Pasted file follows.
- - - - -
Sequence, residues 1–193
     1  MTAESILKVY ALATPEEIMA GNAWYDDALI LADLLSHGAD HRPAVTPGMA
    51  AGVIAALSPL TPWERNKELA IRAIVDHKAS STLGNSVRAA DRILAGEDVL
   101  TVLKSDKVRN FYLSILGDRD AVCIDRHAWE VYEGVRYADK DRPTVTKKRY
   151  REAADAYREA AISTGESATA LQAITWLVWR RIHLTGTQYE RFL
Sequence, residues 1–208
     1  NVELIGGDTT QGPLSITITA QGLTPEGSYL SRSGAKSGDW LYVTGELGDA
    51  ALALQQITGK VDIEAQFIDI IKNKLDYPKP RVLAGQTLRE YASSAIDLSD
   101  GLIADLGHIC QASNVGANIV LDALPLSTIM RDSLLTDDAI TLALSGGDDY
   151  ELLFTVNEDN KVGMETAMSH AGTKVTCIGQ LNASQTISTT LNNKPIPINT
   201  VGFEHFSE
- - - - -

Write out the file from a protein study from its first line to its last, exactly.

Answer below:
Sequence, residues 1–193
     1  MTAESILKVY ALATPEEIMA GNAWYDDALI LADLLSHGAD HRPAVTPGMA
    51  AGVIAALSPL TPWERNKELA IRAIVDHKAS STLGNSVRAA DRILAGEDVL
   101  TVLKSDKVRN FYLSILGDRD AVCIDRHAWE VYEGVRYADK DRPTVTKKRY
   151  REAADAYREA AISTGESATA LQAITWLVWR RIHLTGTQYE RFL
Sequence, residues 1–208
     1  NVELIGGDTT QGPLSITITA QGLTPEGSYL SRSGAKSGDW LYVTGELGDA
    51  ALALQQITGK VDIEAQFIDI IKNKLDYPKP RVLAGQTLRE YASSAIDLSD
   101  GLIADLGHIC QASNVGANIV LDALPLSTIM RDSLLTDDAI TLALSGGDDY
   151  ELLFTVNEDN KVGMETAMSH AGTKVTCIGQ LNASQTISTT LNNKPIPINT
   201  VGFEHFSE